Review by Seth Wood
I really enjoy punk music, but I must admit that a lot of it sounds very similar. I think that the sudden resurgence of great punk bands gaining popularity is wonderful, and was definitely needed, since there was no rock genre that people seemed to be getting excited about anymore—but again, I cannot say that anyone out there is really innovating the punk or pop-punk sound.
This is why I jumped at the chance to review I, The Lion’s EP, Run. These guys are certainly aware of what the pop-punk stuff out there is sounding like, but they have found a unique take on the genre. I heard these guys and knew right away they had something that a lot of the contemporary bands I have been getting into did not—an ardent desire to innovate.
The band carries into their music the same grit and raw emotion that all good punk bands do, but they do it in odd time signatures, and with some interesting accent notes, and they are not afraid to mess with the key signature either. Their songs are a bit slower than most other punk stuff, but this allows them to get away with all of their little nuances without totally losing the listener.
Just listening to “Icarus” tells the listener that the guys in this band are very capable musicians. The opening riff is like something one would have heard from a ‘70s rock group, then the band launches into a simple but very energetic punchy riff. After that is my favorite riff on the album, which is the verse. The drummer is throwing in some interesting accents with the snare, and is going totally sporadic in perfectly small doses. The rhythm of the riff is something I don’t believe I have heard before. I believe it to be two measures of six, followed by one of two. Even with all of this complexity, the riff does not lose the listener is the least. It really takes hold of the audience, which makes sudden fall into the chorus even more jarring.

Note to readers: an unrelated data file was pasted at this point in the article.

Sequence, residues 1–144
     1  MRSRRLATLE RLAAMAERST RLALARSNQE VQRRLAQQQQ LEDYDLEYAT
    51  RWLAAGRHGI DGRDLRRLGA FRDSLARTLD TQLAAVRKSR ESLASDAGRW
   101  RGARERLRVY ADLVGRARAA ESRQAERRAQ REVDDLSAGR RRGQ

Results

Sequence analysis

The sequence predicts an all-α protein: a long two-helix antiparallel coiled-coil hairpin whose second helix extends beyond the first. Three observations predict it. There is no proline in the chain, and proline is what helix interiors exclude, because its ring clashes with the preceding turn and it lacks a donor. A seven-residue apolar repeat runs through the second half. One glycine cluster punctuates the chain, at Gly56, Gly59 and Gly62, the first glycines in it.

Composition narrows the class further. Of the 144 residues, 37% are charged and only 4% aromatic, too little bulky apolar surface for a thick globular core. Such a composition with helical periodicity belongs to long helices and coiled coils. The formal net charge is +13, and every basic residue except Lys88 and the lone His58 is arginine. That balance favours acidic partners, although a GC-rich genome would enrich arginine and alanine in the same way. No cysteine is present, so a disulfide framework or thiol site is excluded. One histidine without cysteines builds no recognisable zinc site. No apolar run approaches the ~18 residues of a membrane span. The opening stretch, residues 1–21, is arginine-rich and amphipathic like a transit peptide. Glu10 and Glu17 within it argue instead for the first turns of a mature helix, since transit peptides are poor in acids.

These guys are very good musicians; however, there is still room to grow in their songwriting. The band certainly has some prog-rock influences, yet there are moments in the album when their songs do not seem to progress naturally, and it very deflating for the listener. The most obvious of these instances is three minutes into the opening track. After an energetic screaming part, the band settles into an uplifting interlude, which ends with the singer holding a note over thumping instrumentation. It seems like the band is about to launch into something that is going to send the song over the edge in exuberance, like the next thing you are about to hear could very possibly make your viscera totally explode, but—oh no. Instead, you get a very pallid almost-pop riff that does not really carry any emotion. My interest in the song ended here. Still, you have to admire the potential that the band shows in just being able to create that moment of suspension in a song, where the listener goes “oh man, here comes something amazing.”
I think this is a really nice EP that stands on its own. So many others seem like they ended too soon and left me totally unfulfilled, but with that said, I really cannot wait to hear what a full album from I, The Lion might sound like.
Listen to "Icarus"